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November 17, 2004

Red Herrings in a Red State

The Denver Post isn't done with the election. Not the results, except for one excruciatingly close state House race. No, the Post has taken a look at the voting process, and doesn't like what it sees. Sadly, it's calling for solutions to problems that don't exist, and has no ideas for those that do.

While predictions of massive problems never materialized, this year's balloting demonstrated that U.S. election laws remain a muddle of federal, state and local rules that expand voter rights in some states while disenfranchising voters in others.

Congress needs to develop a rational, consistent set of rules for federal elections that are fair across the board. A judge in Ohio shouldn't give voters one set of rules while another judge interprets the law a different way in Colorado. Or Missouri.

There they go again. First, there was no evidence of disenfranchisement. There was evidence of people not following the rules, not being able to vote. Secondly, the Constitutions specifically reserves to the states the times, places, and manner of voting. The Post is calling for federal intrusion into a process where there's no evidence that the states are a problem. It's not like interstate commerce, where unified laws are necessary to a coherent economy. You can only vote in one state, just like when you get a driver's license, it's for one state.

Colorado's new rules said that voters who went to the wrong precinct had to fill out provisional ballots, not regular ballots, and that only their votes for president counted. Rules in other states sensibly allowed votes for federal and statewide offices to be counted.

Rules in Ohio said their ballots wouldn't count at all, yet somehow, that escaped the Post's notice. The fact is, the only reason that Secretary of State Davidson permitted Presidential votes to count was that she believed she had to. She never asked for the judge to rule on this, and Judge Hoffman didn't express an opinion. The 6th District Court of Appeals ruled that Ohio didn't have to, but their ruling isn't binding here. Somehow, I doubt that if Congress handed down a law consistent with Ohio's rules that the Post would be happy with uniformity.

The lack of federal guidance was exacerbated by the success of voter-registration drives. In many states, including Colorado, an unknown number of those registrations were never turned in, and voters didn't know until Nov. 2 if they were registered properly.

Actually, to the extent there was a problem, it was the voter-registration drives' lack of success in turning in registrations. Colorado tried to get rid of paid solicitations for voter registration drives, and the Supreme Court ruled it unconstitutional. How Congress is supposed to solve this problem is beyond me. In any case, a simple call to the county Clerk's office, or if they had moved, to the clerk's office in their old county, should have sufficed.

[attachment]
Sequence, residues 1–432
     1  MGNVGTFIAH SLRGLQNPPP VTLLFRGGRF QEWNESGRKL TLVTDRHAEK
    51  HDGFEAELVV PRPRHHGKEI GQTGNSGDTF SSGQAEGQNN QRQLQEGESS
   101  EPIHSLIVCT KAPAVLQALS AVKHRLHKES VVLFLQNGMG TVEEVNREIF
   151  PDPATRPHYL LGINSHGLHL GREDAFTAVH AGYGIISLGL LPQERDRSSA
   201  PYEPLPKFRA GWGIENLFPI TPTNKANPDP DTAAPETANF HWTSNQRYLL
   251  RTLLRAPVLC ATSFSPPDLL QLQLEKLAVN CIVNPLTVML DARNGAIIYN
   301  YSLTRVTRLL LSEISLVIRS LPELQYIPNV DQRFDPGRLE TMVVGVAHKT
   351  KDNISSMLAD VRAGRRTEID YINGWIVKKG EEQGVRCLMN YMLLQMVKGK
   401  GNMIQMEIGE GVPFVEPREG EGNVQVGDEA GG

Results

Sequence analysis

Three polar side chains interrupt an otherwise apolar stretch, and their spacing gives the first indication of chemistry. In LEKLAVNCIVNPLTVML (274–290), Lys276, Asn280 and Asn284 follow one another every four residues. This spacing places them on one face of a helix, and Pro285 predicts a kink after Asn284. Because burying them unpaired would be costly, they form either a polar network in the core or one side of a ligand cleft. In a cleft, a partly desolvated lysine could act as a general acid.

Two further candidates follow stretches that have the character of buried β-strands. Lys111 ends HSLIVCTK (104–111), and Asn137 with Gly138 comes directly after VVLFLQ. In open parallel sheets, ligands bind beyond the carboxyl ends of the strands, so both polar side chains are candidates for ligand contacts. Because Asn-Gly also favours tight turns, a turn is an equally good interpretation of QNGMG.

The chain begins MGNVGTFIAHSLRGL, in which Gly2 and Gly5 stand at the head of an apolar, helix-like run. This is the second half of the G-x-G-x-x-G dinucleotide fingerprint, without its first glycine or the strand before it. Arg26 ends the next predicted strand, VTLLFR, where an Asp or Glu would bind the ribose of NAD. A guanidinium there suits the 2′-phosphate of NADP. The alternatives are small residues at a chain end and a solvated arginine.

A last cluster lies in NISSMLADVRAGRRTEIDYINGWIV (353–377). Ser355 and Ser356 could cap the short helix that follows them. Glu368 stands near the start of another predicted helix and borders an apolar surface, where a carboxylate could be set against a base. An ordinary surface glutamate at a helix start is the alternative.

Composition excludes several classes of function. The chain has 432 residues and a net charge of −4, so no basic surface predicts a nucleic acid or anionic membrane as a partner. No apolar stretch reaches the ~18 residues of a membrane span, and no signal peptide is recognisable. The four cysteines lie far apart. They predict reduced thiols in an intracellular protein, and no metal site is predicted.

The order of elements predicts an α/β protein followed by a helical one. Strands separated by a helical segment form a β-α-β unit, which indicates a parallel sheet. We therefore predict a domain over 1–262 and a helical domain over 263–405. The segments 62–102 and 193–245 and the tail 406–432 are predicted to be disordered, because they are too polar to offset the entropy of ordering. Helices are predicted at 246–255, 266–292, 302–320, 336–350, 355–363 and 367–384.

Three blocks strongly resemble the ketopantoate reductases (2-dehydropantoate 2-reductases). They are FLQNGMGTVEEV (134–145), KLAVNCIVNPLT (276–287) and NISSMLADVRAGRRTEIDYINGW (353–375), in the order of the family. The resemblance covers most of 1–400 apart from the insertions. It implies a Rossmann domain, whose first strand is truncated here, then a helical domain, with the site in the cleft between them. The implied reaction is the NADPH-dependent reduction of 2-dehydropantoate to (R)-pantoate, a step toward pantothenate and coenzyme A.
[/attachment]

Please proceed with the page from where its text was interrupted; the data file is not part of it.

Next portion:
Congress also needs to allocate the rest of the $4 billion authorized under HAVA for states to upgrade their equipment and develop the electronic voter databases mandated by federal law. So far, only about $1 billion has been allocated. Colorado is not among the 15 states that have a statewide database. Secretary of State Donetta Davidson says Colorado will have such a system in place by 2006, which should help avoid multiple registrations.

This is flatly untrue. Colorado is well ahead of the curve in getting a statewide list up and running. It's just that there's not a real-time turnaround, and we can't guarantee that the counties properly purge their roles. In any event we're not too good about purging dead people and those who have moved out of state, which seems to point to a need for a law directing the county clerks to do this more aggressively.

While an estimated 120 million voters went to the polls this year, more than any year since 1968, a huge number of people still don't vote. Government watchdog group Common Cause has raised the possibility of asking Congress to make Election Day a national holiday, possibly tied to Veterans Day, in an effort to increase voter participation. Many voters were late for work because of peak-hour congestion and long lines at the polls.

This is a red herring. The more marginal voters we register, the lower the percentage turnout will be, by definition. The reasons for voter apathy are legion, not the least of which is the sort of judicial, bureaucratic, and federal activism the Post is advocating here.

As for the "congestion," I didn't see it. There was a line at opening, but no one had to wait more than about 15 minutes. There was no line during lunch, and by closing the place was a mausaleum. Anyone who couldn't wait early had plenty of time in the evening. Over 40% of the precinct I worked at voted early or requested an absentee ballot.

The Post claims that a "good start" would be for Congress to mandate uniform rules. A better start would be for Congress to butt out, and for the state to tighten its ID requirement.

Posted by joshuasharf at November 17, 2004 05:36 PM | TrackBack

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